Still, critics warn that water levels at Roosevelt Lake and other Salt River Project reservoirs are vulnerable to the desert’s dry seasons. It took nearly 10 years before the water in Roosevelt surpassed the original storage capacity. As recently as 2002, a dry winter produced the sparsest spring runoff from mountain streams and rivers in more than 120 years, resulting in rationing from reservoirs such as Roosevelt that supply drinking water for the Valley.
Tempe has a plan to ensure sufficient water for municipal users in the event of a prolonged drought, said Eric Kamienski, Tempe’s water-resource manager. He also noted that the amount of water proposed for the Town Lake refill amounts to about 1 percent of the water currently stored in the expanded Roosevelt storage capacity.
If Tempe chose not to refill Town Lake, the city could continue to store water for future use in Roosevelt Lake or in the East Salt River Valley aquifer through several groundwater recharge projects. The water also could be delivered to Tempe’s two water-treatment plants as it has been for drinking water or other municipal uses.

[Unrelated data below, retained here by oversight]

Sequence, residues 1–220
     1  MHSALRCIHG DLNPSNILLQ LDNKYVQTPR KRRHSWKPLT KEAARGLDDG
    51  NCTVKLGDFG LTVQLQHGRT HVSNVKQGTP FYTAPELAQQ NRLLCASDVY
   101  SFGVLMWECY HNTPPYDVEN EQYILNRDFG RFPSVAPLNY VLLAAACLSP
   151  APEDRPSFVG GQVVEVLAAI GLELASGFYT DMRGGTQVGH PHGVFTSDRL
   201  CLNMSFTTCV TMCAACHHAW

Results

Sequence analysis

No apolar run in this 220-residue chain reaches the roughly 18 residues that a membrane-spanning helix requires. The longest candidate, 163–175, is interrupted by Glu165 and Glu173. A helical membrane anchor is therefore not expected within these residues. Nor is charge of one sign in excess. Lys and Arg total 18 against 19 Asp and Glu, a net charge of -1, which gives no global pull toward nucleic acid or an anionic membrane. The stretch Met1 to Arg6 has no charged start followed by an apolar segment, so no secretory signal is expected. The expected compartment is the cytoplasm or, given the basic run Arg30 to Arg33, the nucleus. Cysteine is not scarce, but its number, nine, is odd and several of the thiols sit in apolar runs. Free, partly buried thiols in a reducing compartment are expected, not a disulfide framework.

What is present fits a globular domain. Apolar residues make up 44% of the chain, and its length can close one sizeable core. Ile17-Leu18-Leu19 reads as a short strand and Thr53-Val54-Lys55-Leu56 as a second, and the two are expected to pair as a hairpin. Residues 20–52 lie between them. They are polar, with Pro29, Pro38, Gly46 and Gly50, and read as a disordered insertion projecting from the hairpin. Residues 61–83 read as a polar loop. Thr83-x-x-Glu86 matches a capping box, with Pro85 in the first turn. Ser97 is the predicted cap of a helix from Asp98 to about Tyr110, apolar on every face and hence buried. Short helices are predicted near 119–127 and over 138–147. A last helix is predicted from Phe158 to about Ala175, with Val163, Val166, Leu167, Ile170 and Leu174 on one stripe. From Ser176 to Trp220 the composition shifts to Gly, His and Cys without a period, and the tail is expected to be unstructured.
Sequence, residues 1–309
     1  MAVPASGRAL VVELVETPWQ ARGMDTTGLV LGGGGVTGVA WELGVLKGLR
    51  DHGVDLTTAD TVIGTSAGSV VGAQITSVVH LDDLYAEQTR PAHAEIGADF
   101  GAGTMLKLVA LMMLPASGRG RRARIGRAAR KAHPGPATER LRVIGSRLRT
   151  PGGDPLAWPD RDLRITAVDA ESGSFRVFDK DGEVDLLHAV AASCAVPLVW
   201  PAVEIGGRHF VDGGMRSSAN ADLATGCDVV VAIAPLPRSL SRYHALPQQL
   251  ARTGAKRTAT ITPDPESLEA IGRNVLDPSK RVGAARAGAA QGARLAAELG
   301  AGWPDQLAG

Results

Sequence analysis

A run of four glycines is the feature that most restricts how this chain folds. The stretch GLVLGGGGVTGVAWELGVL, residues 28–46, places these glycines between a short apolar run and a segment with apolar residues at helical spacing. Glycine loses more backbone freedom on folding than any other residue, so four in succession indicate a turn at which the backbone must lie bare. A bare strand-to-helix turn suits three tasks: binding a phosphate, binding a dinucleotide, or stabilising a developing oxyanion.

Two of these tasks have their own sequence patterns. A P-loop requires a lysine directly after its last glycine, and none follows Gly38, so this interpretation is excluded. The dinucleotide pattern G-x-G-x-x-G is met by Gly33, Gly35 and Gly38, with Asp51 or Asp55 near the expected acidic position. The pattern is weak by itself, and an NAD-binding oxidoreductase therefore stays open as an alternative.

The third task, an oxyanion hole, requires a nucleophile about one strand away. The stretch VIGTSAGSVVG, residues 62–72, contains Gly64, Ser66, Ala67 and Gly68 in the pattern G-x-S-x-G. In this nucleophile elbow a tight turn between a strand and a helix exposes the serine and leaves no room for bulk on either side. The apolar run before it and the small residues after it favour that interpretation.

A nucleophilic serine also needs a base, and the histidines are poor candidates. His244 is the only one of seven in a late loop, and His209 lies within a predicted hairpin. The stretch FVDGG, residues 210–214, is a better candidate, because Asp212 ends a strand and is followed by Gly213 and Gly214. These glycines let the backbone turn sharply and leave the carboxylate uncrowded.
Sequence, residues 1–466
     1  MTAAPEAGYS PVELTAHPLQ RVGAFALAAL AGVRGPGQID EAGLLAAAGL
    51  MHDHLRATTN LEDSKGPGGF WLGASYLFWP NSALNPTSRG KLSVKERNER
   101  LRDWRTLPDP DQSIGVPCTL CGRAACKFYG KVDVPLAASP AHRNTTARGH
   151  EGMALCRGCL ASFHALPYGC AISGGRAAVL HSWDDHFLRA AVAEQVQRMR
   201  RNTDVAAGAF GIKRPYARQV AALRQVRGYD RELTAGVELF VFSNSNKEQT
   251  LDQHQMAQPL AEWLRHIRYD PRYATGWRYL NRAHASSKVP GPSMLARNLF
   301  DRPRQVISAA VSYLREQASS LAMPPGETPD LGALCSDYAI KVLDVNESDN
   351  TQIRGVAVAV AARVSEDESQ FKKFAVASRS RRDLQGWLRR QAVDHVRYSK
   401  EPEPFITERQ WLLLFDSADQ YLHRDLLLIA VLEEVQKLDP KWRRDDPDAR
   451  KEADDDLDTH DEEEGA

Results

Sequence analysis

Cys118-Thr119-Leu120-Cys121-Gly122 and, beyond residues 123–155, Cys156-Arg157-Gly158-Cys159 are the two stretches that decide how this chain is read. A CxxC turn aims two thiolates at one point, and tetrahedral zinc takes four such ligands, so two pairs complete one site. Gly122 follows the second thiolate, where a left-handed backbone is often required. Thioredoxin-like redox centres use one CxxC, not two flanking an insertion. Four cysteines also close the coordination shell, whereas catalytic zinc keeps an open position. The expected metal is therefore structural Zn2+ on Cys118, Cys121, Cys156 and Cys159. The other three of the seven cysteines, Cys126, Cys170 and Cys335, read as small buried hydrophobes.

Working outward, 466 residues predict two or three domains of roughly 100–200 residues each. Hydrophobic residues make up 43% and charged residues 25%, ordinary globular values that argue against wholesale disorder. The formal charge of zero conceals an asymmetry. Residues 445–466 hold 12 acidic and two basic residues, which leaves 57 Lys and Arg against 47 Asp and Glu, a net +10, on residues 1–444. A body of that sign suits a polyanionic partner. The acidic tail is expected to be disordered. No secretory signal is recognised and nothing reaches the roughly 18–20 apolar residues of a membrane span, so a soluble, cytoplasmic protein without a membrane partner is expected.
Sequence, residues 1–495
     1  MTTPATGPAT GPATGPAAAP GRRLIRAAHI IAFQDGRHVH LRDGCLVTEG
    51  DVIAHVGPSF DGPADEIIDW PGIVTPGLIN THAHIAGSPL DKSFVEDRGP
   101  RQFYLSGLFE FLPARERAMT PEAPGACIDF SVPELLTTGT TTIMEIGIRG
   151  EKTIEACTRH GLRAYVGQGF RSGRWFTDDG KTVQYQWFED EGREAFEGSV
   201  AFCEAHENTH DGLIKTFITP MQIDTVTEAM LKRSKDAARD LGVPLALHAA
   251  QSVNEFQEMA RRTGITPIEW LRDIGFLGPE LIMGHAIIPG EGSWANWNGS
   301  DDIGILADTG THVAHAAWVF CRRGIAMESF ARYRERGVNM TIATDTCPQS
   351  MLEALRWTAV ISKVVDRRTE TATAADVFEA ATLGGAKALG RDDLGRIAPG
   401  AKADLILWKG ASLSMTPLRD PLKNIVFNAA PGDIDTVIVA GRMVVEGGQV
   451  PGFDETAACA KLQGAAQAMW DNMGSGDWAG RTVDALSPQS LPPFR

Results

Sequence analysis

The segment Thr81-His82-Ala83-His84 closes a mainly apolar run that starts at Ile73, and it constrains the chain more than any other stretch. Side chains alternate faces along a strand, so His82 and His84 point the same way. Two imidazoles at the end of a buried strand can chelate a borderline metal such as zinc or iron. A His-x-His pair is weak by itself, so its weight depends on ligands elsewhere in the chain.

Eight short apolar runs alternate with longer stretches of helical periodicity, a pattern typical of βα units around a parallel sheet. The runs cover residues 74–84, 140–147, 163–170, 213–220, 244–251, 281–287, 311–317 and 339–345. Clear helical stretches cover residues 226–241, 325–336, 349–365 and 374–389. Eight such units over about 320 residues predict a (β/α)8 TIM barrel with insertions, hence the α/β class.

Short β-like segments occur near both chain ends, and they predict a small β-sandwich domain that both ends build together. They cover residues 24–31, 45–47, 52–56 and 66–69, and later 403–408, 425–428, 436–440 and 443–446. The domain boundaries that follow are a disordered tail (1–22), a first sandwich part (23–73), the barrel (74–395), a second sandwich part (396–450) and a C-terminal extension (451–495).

Conservationists say Tempe has a responsibility to all Arizonans to hold hearings on whether such a large amount of water should be used to rebuild a recreational lake.
Town Lake is being rebuilt after a dam burst July 20, thrusting nearly a billion gallons of water into the dry Salt River bed. Tempe expects to begin refilling the lake in mid-October and fill it completely by Nov. 1 in time for the Ford Ironman Arizona triathlon.